It controls access to your K8s clusters via a centralized role-based access control and performs the deployment of multi-cluster Kubernetes apps from your catalog. Besides that, it oversees the health status of workloads using health checkup tools like Grafana and Prometheus. Suppose there occurs any failure regarding the deployment of K8s apps. In that case, you will get notified via text messages, Slack, email, or PagerDuty. Also, Rancher helps link various clusters to existing CI/CD pipelines in services like GitLab, Travis, Jenkins, and so on.
Steps to Install Rancher on CentOS 7
Now coming to the focal part of the guide, that is, the steps required to install Rancher on CentOS 7. But before proceeding further, let’s first take a look at the prerequisites for installing Rancher on CentOS.
- A CentOS 7 system with two hosts
- Root privileges
Step 1: Install Docker on CentOS 7
You can install your Rancher tool as a Docker container set. Among this set, one container has to be a management server and the other one an agent. For that purpose, we got to install Docker on both the host and the agent.
So, first, install Docker on your CentOS 7 computer using the below command:
yum -y install docker
Once the installation is successful, begin the Docker service and attach that to your boot time with the following commands:
systemctl start docker
systemctl enable docker
Now, utilize the following command to verify if the Docker service installation on your Rancher host server was a success:
systemctl status docker
If the installation is successful, you’d get an output specifying the docker version.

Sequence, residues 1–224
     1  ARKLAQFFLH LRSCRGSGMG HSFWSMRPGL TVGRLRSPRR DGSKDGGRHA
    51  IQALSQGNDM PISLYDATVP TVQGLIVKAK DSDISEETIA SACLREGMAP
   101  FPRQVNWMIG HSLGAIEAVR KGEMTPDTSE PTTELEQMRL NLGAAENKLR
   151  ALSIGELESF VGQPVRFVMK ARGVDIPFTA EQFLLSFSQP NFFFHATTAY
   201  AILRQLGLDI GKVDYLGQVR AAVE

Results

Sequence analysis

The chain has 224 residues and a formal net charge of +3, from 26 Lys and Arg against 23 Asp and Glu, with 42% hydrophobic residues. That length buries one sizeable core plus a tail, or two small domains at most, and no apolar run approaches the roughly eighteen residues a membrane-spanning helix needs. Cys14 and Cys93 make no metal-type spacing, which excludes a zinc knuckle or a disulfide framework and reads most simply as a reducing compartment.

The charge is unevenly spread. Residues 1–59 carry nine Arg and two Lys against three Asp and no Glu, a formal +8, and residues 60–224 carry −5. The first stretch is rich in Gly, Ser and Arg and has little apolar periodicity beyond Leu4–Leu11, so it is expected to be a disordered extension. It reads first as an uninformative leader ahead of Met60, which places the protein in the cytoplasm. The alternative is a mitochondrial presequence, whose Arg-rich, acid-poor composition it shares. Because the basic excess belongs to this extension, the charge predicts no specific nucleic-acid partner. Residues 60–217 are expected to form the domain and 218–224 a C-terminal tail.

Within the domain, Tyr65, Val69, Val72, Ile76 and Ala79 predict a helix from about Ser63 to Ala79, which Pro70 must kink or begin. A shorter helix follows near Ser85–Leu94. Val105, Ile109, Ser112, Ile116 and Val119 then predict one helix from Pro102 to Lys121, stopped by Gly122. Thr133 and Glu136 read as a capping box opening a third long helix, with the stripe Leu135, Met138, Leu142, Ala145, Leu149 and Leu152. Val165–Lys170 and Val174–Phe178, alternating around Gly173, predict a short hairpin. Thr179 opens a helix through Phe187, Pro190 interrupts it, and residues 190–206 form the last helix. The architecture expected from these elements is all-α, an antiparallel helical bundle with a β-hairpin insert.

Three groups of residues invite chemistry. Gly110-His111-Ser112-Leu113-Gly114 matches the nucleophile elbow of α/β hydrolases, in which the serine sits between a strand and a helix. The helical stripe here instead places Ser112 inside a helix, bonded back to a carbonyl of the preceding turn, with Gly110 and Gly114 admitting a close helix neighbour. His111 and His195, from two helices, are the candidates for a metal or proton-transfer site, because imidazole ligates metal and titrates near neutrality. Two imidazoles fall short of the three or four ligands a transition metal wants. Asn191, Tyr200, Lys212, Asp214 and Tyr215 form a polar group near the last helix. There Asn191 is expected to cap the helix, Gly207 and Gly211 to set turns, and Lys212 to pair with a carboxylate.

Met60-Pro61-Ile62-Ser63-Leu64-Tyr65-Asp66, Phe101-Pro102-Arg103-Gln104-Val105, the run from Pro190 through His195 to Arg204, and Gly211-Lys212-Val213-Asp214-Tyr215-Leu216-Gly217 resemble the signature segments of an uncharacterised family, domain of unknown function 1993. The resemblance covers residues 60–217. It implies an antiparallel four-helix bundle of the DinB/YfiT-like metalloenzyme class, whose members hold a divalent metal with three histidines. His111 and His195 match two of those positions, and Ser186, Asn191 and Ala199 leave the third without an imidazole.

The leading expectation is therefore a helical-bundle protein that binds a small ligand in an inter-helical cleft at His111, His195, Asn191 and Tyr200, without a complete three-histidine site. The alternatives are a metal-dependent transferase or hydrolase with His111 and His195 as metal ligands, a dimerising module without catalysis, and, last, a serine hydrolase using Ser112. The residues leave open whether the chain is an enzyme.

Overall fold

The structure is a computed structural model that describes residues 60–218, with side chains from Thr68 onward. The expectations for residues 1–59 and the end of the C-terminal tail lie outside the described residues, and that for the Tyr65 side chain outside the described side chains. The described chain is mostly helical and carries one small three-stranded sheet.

Step 2: Install Rancher Server
The next step is to install the Rancher server and run it. For doing so, you have to run your Rancher container on your host server.
Here, you need to install the Rancher server single container on your first host server. But before doing that, you have to create and specify a new directory as a Rancher DB volume.
Thus, execute the command below:
mkdir -p $HOST_VOLUME
After that, install the Rancher server utilizing this command:
sudo docker run -d \
-v $HOST_VOLUME:/var/lib/mysql \
-p 8080:8080 \
Wait for some time and let the Rancher server installation finish. Once it’s finished, you will be capable of accessing the Rancher server via your browser.
Now, navigate to your browser’s address bar and type http://, followed by [your server IP address]:[your port number]. Unless you modify it yourself, your port number will be 8080.
Doing so will take you to the Rancher welcome page. It signifies that Rancher is up and running on port no. 8080 on your CentOS 7 system.
Step 3: Enable Local Authentication on your Rancher Server
After your Rancher server has begun running, there are numerous other important tasks left to execute. The first among those is to set up the Rancher access control. Doing so will let you manage users possessing access to your Rancher server.
Besides local authentication, Rancher harmonizes well with multiple access control providers such as Azure AD, SAML, Active Directory, etc.
For enabling Local Authentication on your Rancher server, launch your preferred browser and go to its URL bar and enter http:// followed by your server IP address and port number.
Next, pick ‘Access Control’ from the ‘ADMIN’ menu on the Rancher welcome page. Then, click ‘LOCAL’ and provide your login credentials.
Press the ‘Enable Local Auth’ button, and that’s it. You have successfully enabled Local Authentication.
Step 4: Add a New Host